IMF chief urges action amid rising global recession risks

IMF chief urges action amid rising global recession risks


IMF chief Kristalina Georgieva on Thursday urged global policymakers to take concerted action to avoid a “dangerous ‘new normal'” as risks of a global recession from repeated economic shocks mount.

Speaking at the fund’s annual meeting next week, the IMF’s Managing Director said it was crucial “to stabilize the global economy by addressing the most immediate challenges” – including rampant inflation.

Policymakers must act together to “prevent this period of heightened fragility from becoming a dangerous ‘new normal,'” Georgieva said.

But she warned that the process will be painful – and that if central banks act too aggressively to contain price pressures, it could trigger a “prolonged” economic downturn.

Finance ministers and central bank governors from more than 180 nations will convene in Washington next week for the first fully face-to-face meeting of the International Monetary Fund and World Bank since 2019 before the Covid-19 pandemic.

Amid the “darker global outlook…recession risks are rising,” Georgieva said, announcing that the crisis lender plans to again lower its forecast for the global economy for 2023 in forecasts due to be released next week at the annual meeting.

A third of countries are expected to contract for at least two quarters, and “even if growth is positive, it will feel like a recession” because rising prices eat into incomes, she said.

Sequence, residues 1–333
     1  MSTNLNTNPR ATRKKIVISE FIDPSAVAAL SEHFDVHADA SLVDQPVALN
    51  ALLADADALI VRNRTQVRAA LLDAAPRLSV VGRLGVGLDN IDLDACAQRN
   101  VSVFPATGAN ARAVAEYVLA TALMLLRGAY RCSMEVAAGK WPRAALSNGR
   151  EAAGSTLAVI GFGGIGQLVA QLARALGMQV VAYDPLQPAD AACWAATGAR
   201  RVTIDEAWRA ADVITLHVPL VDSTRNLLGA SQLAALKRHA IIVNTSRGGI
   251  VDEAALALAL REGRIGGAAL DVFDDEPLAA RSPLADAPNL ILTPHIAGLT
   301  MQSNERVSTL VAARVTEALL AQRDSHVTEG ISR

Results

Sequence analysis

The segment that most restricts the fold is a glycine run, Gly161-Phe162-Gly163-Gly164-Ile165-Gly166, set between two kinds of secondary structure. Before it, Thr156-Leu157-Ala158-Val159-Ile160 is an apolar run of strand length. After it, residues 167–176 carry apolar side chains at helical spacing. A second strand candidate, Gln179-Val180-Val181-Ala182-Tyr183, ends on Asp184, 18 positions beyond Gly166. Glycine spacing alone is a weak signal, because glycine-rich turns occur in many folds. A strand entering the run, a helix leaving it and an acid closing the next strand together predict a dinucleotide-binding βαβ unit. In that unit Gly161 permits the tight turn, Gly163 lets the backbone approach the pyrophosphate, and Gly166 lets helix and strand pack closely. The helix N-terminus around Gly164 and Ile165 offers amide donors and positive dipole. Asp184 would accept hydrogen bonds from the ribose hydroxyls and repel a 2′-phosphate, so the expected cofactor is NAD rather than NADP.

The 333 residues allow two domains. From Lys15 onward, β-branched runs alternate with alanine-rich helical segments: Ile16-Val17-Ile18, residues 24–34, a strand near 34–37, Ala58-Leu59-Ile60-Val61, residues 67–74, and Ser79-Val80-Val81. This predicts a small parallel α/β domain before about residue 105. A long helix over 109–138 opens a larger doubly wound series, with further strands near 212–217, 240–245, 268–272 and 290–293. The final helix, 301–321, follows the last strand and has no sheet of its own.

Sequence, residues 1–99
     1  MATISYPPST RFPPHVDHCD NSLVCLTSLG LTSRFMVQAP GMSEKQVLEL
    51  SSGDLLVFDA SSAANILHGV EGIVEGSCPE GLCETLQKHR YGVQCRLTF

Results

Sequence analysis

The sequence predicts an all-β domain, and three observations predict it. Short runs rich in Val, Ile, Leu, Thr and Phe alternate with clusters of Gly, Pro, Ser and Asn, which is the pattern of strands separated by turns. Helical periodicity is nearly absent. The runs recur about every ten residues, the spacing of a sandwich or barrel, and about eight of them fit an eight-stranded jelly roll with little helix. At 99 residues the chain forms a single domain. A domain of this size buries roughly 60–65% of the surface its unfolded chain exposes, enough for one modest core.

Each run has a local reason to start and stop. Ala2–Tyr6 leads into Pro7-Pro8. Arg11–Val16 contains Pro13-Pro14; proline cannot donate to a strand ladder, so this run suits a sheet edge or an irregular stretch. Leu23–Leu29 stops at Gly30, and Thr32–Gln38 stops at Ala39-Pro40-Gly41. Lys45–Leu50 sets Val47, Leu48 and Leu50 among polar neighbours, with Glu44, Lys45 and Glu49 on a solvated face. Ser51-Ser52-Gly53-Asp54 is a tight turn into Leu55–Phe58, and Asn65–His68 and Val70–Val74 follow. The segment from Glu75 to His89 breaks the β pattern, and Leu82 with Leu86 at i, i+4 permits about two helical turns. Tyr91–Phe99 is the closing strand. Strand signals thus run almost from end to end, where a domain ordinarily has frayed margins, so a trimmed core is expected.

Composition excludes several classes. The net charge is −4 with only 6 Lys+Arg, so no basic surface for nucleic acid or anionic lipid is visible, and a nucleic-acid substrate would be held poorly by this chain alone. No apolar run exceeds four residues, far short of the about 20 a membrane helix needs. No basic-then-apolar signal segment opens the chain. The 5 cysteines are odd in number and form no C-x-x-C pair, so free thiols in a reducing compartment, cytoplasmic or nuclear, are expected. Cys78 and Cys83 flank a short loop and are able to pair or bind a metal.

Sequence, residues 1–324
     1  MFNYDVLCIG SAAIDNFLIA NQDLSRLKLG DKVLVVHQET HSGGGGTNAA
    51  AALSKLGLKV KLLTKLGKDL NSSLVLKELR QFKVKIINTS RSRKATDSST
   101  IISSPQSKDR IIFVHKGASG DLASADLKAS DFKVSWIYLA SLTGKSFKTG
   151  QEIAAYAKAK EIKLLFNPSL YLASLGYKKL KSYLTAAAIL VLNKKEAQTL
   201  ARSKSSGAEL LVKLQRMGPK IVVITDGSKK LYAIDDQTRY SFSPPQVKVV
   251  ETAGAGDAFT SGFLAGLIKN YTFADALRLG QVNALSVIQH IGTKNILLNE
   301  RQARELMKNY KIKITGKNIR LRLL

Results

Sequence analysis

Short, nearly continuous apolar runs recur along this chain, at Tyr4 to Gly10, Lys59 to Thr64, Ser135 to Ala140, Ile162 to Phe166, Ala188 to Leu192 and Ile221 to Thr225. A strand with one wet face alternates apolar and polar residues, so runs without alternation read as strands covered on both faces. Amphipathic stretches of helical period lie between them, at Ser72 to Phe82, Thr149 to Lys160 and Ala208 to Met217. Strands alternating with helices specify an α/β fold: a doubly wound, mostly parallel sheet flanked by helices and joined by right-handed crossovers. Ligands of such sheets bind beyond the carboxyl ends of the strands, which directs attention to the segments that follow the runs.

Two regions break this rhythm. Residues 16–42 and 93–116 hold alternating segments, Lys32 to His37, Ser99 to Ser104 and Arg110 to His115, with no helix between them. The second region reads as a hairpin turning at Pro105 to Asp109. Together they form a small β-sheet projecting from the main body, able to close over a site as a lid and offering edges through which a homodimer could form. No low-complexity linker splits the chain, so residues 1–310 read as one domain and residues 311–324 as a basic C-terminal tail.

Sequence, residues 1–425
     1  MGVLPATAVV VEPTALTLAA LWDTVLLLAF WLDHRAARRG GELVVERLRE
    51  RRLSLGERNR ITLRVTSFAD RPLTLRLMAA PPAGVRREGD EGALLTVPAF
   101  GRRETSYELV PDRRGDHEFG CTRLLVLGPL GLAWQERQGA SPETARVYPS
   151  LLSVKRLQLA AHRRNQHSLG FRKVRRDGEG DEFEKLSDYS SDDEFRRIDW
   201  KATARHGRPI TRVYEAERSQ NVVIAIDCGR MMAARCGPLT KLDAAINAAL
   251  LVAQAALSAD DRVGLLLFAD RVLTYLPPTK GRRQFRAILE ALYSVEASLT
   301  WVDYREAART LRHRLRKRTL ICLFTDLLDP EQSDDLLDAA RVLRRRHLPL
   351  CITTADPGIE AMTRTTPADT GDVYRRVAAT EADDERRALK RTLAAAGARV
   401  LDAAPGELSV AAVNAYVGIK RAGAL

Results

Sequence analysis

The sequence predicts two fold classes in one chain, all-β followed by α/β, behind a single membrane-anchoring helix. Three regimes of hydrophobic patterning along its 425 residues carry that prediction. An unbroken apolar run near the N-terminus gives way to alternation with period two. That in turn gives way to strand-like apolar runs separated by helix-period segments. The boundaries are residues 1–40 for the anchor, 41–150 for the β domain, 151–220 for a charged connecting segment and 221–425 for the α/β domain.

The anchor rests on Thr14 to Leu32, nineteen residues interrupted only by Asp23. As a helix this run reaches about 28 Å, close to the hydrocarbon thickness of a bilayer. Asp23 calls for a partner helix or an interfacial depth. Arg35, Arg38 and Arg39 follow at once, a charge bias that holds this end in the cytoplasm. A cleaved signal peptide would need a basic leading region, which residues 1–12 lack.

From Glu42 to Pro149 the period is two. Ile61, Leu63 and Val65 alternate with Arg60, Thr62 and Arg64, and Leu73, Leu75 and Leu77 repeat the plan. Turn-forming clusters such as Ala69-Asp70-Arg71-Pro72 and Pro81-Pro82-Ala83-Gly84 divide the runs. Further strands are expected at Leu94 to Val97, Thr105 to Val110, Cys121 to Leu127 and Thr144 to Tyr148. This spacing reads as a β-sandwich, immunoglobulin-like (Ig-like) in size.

The fund in July lowered its growth forecast to 3.2 percent this year and 2.9 percent next year – the third straight downgrade.

– ‘Shock after shock’ –

The meetings come at a difficult time for the global economy as the pandemic is largely under control but rising inflation and interest rates now threaten to spread around the globe and stifle incipient recoveries.

“In less than three years, we’ve had shock after shock,” Georgieva said in her speech at Georgetown University.

Global supply shortages were already a challenge as demand surged as the pandemic slowed and global inflation stoked, and strains worsened in the wake of Russia’s invasion of Ukraine – which Georgieva called a “pointless war” – sending food and food prices into the soar high.

“Far from being temporary, inflation has become more intractable,” and taking action before high prices become entrenched is a key challenge for policymakers, Georgieva said, warning that “the cost of a policy misstep can be enormous”.

“Not tightening enough would result in inflation being unanchored and stuck,” but “moving too hard and too fast — and doing so in a cross-country manner — could push many economies into a prolonged recession,” she said.

Despite the risks, central banks must continue to “act decisively”.

“It’s not easy, and it won’t be painless in the short term,” she warned. “But the key is to avoid much greater and longer-lasting pain later for everyone.”

– debt distress –

Georgieva stressed the need for fiscal policy to help the most vulnerable sections of society, but warned that efforts must be directed “with a laser-sharp focus on low-income households” to avoid acting against the tide of monetary policy.

She warned against relying on price controls that are neither affordable nor effective.

The pandemic forced many countries to borrow more, and now many are already facing or at risk of a debt crisis amid rising interest rates. That “increases the risk of a worsening debt crisis,” which could further hurt global growth.

To mitigate the risk, “big creditors like China and private creditors have a responsibility to act,” she said, calling for “quicker and more predictable” action on debt restructuring.

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